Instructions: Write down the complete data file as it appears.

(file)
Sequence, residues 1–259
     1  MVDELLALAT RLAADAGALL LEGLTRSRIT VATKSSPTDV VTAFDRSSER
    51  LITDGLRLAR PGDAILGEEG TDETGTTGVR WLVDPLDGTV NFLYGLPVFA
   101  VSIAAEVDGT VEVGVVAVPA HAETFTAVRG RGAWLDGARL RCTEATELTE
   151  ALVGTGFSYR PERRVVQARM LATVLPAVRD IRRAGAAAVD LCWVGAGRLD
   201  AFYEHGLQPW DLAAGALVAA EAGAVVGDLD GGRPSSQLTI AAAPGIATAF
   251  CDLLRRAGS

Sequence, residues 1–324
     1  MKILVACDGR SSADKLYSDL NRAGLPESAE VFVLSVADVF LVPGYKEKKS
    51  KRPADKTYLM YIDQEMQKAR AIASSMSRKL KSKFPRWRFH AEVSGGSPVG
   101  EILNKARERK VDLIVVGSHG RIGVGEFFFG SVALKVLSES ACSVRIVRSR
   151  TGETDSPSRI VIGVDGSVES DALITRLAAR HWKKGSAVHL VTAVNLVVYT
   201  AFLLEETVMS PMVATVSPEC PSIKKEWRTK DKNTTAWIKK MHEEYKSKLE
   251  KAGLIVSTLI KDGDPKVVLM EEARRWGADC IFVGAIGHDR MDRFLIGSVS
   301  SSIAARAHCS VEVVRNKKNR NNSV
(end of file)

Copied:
Sequence, residues 1–259
     1  MVDELLALAT RLAADAGALL LEGLTRSRIT VATKSSPTDV VTAFDRSSER
    51  LITDGLRLAR PGDAILGEEG TDETGTTGVR WLVDPLDGTV NFLYGLPVFA
   101  VSIAAEVDGT VEVGVVAVPA HAETFTAVRG RGAWLDGARL RCTEATELTE
   151  ALVGTGFSYR PERRVVQARM LATVLPAVRD IRRAGAAAVD LCWVGAGRLD
   201  AFYEHGLQPW DLAAGALVAA EAGAVVGDLD GGRPSSQLTI AAAPGIATAF
   251  CDLLRRAGS

Sequence, residues 1–324
     1  MKILVACDGR SSADKLYSDL NRAGLPESAE VFVLSVADVF LVPGYKEKKS
    51  KRPADKTYLM YIDQEMQKAR AIASSMSRKL KSKFPRWRFH AEVSGGSPVG
   101  EILNKARERK VDLIVVGSHG RIGVGEFFFG SVALKVLSES ACSVRIVRSR
   151  TGETDSPSRI VIGVDGSVES DALITRLAAR HWKKGSAVHL VTAVNLVVYT
   201  AFLLEETVMS PMVATVSPEC PSIKKEWRTK DKNTTAWIKK MHEEYKSKLE
   251  KAGLIVSTLI KDGDPKVVLM EEARRWGADC IFVGAIGHDR MDRFLIGSVS
   301  SSIAARAHCS VEVVRNKKNR NNSV